After breakfast was finished, I hiked up the side of the mountain to see the Maya Tathagata Buddha (a big Stone Buddha cut in relief into the side of the mountain)and take in a breaktaking view of the mountain valley and forest as the sun rose. I visited the cave shrine for a little bit of meditation. We had some free time in the morning in which you could go on a tour of some local sites, which I opted out of to take the most glorious nap this girl has ever taken. To finish up the stay we ate lunch and then participated in a special tea ceremony with a student monk (He was one of the few who could speak English) who answered our questions regarding Buddhism and the Buddhist lifestyle.
Before heading back into Gyeongju to catch a bus home, Amanda and I decided we wanted to take in one more historic site: Bolguksa Temple, a temple so big and beautiful they made into a UNESCO site. It was raining pretty heavily by the time we got there, so I bought a bright green poncho to try to protect my pack. Despite the rain, the temple and its grounds were stunning, particularly the pond outside which made the brilliant japanese maple trees nearby seem to glow. We were in a bit of a hurry, so as not to miss the last bus back to Suncheon, and in my haste I managed to forget my wallet inside the main Shrine hall, and naturally didn't notice until we were all the way at the bus stop. It was quite a jog to get all the way back up the hill and inside the grounds! Thankfully the ticket guys didn't make me pay again, and of course, this is Korea, my wallet had been put behind the counter for safekeeping, money and cards just as I had left them. I also bought a really pretty souvenir bell similar to the Emile bell we saw at the National Museum from a vendor who happily accepted my money and then stuffed the trinket in a box proclaiming "Made In China". Yeesh.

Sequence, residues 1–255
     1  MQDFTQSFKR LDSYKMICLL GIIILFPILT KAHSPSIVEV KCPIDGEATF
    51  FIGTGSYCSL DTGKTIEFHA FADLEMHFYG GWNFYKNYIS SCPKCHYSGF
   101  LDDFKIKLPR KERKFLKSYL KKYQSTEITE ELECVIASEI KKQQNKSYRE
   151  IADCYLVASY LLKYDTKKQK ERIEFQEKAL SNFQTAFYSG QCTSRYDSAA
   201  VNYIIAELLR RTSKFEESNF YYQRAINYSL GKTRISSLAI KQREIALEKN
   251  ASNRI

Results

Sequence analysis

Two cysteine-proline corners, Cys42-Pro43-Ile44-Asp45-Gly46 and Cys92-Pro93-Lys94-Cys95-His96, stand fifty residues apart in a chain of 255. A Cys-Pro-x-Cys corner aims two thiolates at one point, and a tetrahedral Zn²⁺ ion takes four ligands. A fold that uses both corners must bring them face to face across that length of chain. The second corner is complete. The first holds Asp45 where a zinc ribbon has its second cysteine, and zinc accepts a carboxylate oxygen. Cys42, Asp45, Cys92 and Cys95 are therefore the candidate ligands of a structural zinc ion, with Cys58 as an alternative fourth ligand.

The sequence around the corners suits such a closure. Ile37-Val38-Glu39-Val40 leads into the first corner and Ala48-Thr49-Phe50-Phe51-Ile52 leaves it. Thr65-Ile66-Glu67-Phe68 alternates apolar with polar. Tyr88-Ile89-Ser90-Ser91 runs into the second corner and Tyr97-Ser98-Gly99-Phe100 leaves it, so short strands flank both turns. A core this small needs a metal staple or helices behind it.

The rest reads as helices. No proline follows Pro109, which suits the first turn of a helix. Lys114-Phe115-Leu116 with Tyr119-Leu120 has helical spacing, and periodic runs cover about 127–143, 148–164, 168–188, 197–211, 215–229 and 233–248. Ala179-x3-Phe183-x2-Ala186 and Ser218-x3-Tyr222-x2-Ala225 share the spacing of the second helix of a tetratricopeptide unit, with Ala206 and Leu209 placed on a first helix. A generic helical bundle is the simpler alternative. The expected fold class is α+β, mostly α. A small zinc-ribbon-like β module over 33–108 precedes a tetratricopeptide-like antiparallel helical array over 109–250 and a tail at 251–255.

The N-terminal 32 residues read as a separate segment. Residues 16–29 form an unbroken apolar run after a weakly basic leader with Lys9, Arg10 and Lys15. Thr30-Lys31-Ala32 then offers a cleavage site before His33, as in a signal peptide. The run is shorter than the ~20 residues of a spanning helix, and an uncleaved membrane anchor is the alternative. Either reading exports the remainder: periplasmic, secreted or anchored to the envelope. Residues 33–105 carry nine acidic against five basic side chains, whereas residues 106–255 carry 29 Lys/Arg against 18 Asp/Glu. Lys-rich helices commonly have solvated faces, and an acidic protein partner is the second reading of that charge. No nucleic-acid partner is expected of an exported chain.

Here's the photos: http://www.facebook.com/album.php?aid=2273036&id=122614903&l=711a8a0481
I was low on cash and energy after all that had happened in the last 5 weeks, so the rest of the month was pretty low key. Lots of social events of course, but I stayed in Suncheon, and we did a few fun photo shoots with Amanda Gale's fancy new DSLR camera. Photoshoot #1 - Kate, Lindsey C and I dressed up as Marionettes (ala my design for my Halloween Costume); Amanda G dressed up as an Angel and Lindsey V dressed up as death. Photoshoot #2 - at the end of November I put up my Christmas tree and Amanda Gale patiently took about 600 pictures over two days until Mokah decided she was ready to sit pretty in front of the tree for my Christmas Photo Cards I sent out. But we did have a lot of fun with it and Amanda and Kate both got some holiday shots to send home out of it too!
Will try to quickly write up a summary of December and the New Year before I head off on Vacation - Tomorrow I'm flying to Kota Kinabalus Malaysia!!!
I'll leave you on this note: I discovered that of all things, the toilet seats in the teacher's bathroom are heated! I have seriously been considering bringing my laptop to school and setting up shop in the lavatory. :P